Jo Hemmant spent many years working as a journalist and editor and only began writing poetry the day her youngest son started school. Her work has appeared in or is upcoming at Horizon Review, qarrtsiluni, blossombones, bluefifth review, Equinox, South, Decanto, Dream Catcher, Fire and Obsessed with Pipework. She lives with her husband, her two sons, aged eight and six and a menagerie in the burbs outside London. Last year she co-founded ouroboros review, a poetry and art journal that appears both online and in print, and set up Pindrop Press, a small independent poetry press. The first book is due off the presses in 2010.
For his sixth birthday, a tent.
Two-man, pop-up, no tripping
over a cat’s cradle of guy ropes and pegs.
It covers most of the floor in his room,
is kitted out with what boys like –
Top Trumps, action figures, plastic insects.
He begs me to read to him there that night.
Crawling in, I notice that the millimetre-thin skin
cuts out noise, the air’s new with polymers.
We shine a moon on the roof with the torch
and find ourselves in a field, staring up
through a plastic square at a sky
deep and dark as a coal mine’s throat.
Outside, the fire has cooled to amber.
Menace storybooks the woods.
Read more of Jo’s work in Horizon Review.
The second issue of poetry and art journal, ouroboros review, is now online and includes an interview with me and a few poems.
Here’s a brief extract from the interview:
“It’s hard to say how living in South Africa has influenced my writing. I find it difficult to think of “influences”; so many things combine to create voice and writing style. If anything, I’d say direct influences have been contemporary Northern hemisphere poets: American, Canadian and English. In my early twenties, I fell in love with Sylvia Plath and Anne Sexton’s work, and I adored Erica Jong’s chutzpah.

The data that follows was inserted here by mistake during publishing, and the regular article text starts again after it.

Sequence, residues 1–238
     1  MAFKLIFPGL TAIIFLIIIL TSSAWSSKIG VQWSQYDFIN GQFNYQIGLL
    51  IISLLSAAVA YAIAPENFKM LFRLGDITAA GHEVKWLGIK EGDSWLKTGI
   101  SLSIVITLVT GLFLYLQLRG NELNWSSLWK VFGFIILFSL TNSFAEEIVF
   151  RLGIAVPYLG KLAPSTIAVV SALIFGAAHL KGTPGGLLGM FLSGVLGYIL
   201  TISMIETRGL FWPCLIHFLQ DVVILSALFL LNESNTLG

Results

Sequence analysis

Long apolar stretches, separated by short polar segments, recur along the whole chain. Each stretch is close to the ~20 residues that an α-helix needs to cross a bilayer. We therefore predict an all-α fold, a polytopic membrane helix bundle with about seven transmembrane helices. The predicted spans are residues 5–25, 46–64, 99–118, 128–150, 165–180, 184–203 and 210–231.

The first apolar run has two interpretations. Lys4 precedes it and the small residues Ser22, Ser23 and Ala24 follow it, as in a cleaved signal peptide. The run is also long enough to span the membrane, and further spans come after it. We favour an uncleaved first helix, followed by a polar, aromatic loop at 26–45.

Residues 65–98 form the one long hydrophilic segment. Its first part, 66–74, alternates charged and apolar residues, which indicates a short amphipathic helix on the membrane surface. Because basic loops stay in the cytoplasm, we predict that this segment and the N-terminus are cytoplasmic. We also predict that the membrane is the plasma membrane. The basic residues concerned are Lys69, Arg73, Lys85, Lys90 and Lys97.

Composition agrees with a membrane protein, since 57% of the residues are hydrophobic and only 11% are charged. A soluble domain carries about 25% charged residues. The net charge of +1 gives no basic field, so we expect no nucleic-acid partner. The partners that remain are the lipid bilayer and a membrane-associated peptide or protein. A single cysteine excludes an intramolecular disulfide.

I admire the poetry of Louise Glück, Margaret Atwood, Marge Piercy, Pascale Petit, Vicki Feaver, Mary Oliver, Ted Hughes, T S Eliot, Mark Doty, Eilean Ni Chuilleanain, Derek Walcott, Pablo Neruda, Sharon Olds, Adrienne Rich, William Carlos Williams, Billy Collins and many more. There are some wonderful South African poets: Isobel Dixon, Rustum Kozain, Kelwyn Sole, Karen Press, Finuala Dowling, Joan Metelerkamp, Fiona Zerbst and Gabeba Baderoon, among others.”
Issue two also contains Collin Kelley’s interview with Vanessa Daou, poetry by Iain Britton, Allan Peterson, Rebecca Gethin, Robin Reagler, Julie Buffaloe-Yoder, Paul Stevens, Dustin Brookshire, Carolee Sherwood, Deb Scott, Jill Crammond Wickham – and that’s just the beginning. The eye-catching cover art of the full moon over Atlanta is the work of talented photographer, Meg Pearlstein.
Indefatigable editors, Jo Hemmant and Christine Swint, have once again done a sterling job. The journal is beautifully laid out and produced.
Read it here.
I am excited to be the first poet invited on board at Pindrop Press, a new independent poetry publisher with one foot in the United Kingdom and the other in the United States.
The publication of my third collection – and my first volume overseas – is planned for 2010, with a London launch.